Today we’ll show you Gainward’s top notch version of the Geforce 9800 GT, which the company dubbed Geforce 9800 GT Golden Sample Goes Like Hell. This card comes with the core overclocked from reference 600MHz to 650MHz, shaders from 1500MHz to 1625MHz and the memory from 900MHz to 1100MHz (1800MHz to 2200MHz effectively). Furthermore, this card is surely a great addition to Gainward’s 9800GT offer, which already features a few “Green Edition” cards. The aforementioned cards are apparently a trend now as they consume less but come clocked lower than reference.
The 9800 GT GS GLH comes with dual slot cooling. This cooler has been in Gainward’s arsenal for a while, and it’s instantly recognizable by the large central fan with the aluminum heatsink and the large plastic hood covering the rest of the card. The following photo shows our today’s Gainward card codenamed GF9800GT GLH 512M DDR3 256B CRT DVI HDMI. As the name suggests, the card comes with 512MB of GDDR3 memory, 256-bit interface and comes with three types of video outs.
In case you’ve forgotten, the 9800GT is actually the 8800GT card with the new 55nm graphics core. The core brought about some improvements, most notably lower consumption and Hybrid Power. Note that HybridPower will run only when paired up with the corresponding Nvidia chipset, meaning motherboards with integrated Nvidia graphics. The G92 graphics chip is responsible for many awards the 8800GT has won, but the new 55nm version codenamed G92b didn’t disappoint either. It’s well worth noting that this two year old technology is still good enough to deliver a decent framerate in the latest games and at standard resolutions.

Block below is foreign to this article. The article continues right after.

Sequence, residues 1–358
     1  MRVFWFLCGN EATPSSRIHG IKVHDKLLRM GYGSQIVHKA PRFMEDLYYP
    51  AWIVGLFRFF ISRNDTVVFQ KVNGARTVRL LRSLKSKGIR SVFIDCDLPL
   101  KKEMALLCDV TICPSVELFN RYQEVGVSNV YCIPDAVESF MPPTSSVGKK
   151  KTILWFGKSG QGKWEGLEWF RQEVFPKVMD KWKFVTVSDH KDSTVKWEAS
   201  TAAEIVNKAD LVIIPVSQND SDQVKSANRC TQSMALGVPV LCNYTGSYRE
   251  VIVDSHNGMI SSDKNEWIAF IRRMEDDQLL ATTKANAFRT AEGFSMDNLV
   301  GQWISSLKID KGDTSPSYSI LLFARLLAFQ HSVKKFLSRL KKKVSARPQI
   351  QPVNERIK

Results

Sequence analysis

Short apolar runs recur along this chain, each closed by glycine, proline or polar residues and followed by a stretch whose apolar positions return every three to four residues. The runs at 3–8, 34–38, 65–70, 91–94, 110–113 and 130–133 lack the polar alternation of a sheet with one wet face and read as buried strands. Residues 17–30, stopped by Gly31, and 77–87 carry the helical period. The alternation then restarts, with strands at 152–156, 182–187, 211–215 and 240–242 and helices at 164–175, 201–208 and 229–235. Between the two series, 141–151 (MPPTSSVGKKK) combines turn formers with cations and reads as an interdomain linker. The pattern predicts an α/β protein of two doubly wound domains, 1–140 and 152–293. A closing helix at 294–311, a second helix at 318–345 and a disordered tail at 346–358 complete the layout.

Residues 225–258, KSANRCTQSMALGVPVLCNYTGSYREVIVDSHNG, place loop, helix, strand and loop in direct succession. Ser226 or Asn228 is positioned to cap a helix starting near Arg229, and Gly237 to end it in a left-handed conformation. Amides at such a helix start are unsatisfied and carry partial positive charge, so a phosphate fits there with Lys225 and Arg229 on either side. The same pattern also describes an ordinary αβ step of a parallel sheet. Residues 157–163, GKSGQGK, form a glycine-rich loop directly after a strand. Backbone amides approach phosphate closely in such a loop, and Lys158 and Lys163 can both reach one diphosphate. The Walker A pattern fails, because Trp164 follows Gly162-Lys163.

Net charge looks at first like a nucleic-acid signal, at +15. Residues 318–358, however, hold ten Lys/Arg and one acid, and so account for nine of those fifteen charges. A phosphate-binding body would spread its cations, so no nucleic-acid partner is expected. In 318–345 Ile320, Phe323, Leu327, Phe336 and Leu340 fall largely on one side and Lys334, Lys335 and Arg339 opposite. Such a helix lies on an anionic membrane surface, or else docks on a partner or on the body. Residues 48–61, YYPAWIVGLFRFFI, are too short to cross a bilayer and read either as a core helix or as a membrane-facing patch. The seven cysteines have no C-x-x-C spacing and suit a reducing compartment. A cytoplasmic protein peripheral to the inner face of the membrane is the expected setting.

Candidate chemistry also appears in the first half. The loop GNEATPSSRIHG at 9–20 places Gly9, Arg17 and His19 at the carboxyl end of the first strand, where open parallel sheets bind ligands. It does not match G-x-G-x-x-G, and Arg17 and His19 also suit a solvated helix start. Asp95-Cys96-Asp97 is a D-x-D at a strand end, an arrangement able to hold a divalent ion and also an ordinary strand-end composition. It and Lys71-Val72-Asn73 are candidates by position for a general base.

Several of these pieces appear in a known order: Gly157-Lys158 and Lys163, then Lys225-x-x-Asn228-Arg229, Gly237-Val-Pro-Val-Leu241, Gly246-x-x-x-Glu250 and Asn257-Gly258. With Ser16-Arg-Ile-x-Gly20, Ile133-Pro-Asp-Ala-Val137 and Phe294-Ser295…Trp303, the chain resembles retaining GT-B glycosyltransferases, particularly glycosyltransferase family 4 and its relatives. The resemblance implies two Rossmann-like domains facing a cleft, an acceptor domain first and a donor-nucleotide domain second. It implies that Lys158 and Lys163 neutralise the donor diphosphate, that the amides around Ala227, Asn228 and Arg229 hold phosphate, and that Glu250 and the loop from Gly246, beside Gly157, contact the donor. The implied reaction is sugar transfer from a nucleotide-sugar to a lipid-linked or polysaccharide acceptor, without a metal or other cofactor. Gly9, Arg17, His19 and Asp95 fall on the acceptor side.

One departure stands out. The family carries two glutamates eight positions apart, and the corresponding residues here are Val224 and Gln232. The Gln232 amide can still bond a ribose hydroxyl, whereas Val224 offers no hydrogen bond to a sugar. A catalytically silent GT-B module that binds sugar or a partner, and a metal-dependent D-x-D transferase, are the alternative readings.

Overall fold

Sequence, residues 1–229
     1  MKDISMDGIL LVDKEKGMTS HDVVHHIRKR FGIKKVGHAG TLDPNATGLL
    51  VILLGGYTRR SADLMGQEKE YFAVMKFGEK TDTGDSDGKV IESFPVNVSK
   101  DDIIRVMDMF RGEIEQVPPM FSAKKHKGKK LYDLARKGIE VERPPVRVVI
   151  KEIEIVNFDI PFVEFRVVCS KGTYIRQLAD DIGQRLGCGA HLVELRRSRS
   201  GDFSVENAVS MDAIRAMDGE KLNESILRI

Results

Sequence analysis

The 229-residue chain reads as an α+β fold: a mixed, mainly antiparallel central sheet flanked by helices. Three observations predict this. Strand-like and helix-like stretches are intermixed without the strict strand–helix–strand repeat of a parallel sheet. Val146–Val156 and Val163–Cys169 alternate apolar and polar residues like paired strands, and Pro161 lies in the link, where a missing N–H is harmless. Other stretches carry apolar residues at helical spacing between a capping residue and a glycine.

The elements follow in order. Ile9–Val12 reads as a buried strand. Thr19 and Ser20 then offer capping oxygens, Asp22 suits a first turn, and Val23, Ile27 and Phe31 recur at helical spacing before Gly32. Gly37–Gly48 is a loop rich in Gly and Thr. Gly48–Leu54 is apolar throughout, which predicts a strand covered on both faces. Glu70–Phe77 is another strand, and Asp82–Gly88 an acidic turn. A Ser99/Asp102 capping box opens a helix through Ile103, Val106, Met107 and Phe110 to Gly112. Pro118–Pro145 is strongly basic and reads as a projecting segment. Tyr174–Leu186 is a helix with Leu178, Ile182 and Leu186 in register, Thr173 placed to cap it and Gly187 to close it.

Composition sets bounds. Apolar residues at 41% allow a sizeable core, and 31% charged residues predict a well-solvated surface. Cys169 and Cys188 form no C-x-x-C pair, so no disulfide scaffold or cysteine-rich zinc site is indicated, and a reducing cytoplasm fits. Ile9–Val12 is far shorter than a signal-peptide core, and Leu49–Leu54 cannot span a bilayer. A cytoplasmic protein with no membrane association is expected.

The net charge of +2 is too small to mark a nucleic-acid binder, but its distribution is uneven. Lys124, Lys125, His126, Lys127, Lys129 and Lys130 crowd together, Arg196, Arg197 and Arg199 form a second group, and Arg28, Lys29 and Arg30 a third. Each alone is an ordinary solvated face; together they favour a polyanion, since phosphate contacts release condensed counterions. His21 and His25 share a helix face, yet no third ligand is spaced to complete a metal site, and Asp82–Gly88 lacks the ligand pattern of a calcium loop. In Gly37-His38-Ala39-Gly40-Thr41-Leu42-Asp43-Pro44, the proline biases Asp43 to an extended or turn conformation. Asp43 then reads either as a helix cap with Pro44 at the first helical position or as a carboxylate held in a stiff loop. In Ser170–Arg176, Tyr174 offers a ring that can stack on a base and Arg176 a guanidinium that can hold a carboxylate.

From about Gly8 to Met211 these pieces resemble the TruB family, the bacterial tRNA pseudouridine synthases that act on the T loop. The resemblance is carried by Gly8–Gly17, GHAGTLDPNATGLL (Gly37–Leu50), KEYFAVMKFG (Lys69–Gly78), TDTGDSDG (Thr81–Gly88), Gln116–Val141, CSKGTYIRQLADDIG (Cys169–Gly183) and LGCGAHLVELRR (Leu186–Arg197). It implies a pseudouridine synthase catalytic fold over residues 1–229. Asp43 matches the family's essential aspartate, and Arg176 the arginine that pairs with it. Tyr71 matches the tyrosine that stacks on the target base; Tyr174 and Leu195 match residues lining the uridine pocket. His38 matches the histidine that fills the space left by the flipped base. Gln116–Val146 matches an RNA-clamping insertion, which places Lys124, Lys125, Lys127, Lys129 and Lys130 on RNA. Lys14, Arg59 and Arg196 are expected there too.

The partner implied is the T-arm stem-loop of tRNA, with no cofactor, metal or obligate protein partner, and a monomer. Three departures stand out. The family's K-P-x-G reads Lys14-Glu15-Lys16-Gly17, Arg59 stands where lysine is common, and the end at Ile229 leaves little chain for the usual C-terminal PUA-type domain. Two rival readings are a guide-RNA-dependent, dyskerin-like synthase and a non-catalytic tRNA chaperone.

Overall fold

While most of the “GLH” cards we’ve tested had the famous “+” in the name, the 9800 GT GS GLH comes without it. The “+” as you know means room for additional overclocking, but since Gainward already did it for you , additional overclocking will void the warranty. We still checked the functionality of Gainward’s overclocking tool, “ExpertTool”, included on the driver CD, and overclocked the card to the maximum allowed 700MHz core, 1760MHz shaders and 1150MHz for the memory.
As we expected, the dual-slot cooling did a great job. After our overclocking, maximum temperatures were 72°C, otherwise it stays below 69°C. Although the cooler is pretty large and does a good job, it doesn’t feature manual RPM settings, so the fan speed is dynamically altered to suit the needs of the graphics core. Of course, this results in a bit of noise when the GPU is pushed harder. The card ran stable at 700MHz/1760MHz/2300MHz and idle temperatures were around 46°C.
The Geforce 9800 GPU is based on Geforce 8x GPU architecture with all the goodies it brings to the table – unified shader architecture, DX10 API support, as well as other significant improvements (TMU, ROP, PureVideo HD) first seen on
8800GT and moved to the 9800GT. The memory is 256bit GDDR3 and the 9800GT core comes with 112 stream processors, 16 ROPs and 56 texture units. Although the GPU-Z reports the GF9800GT GLH 512M DDR3 256B CRT DVI HDMI to be based on the 65nm graphics core, we took the cooler off and found out this card is indeed based on the new 55nm G92 (G92-286-B1) GPU, which consumes less and runs cooler.
The pictures make it clear that this is a dual slot card. The cooler touches the graphics core whereas the memory is cooled by the fan air. The card has 512MB of memory distributed among the 8 memory chips, all of which are positioned on the face of the card. Gainward uses Samsung K4J52324QH-HJ08 GDDR3 memory rated at 0.8ns or 1200MHz, but the memory runs at 1100MHz on the card which leaves room for overclocking.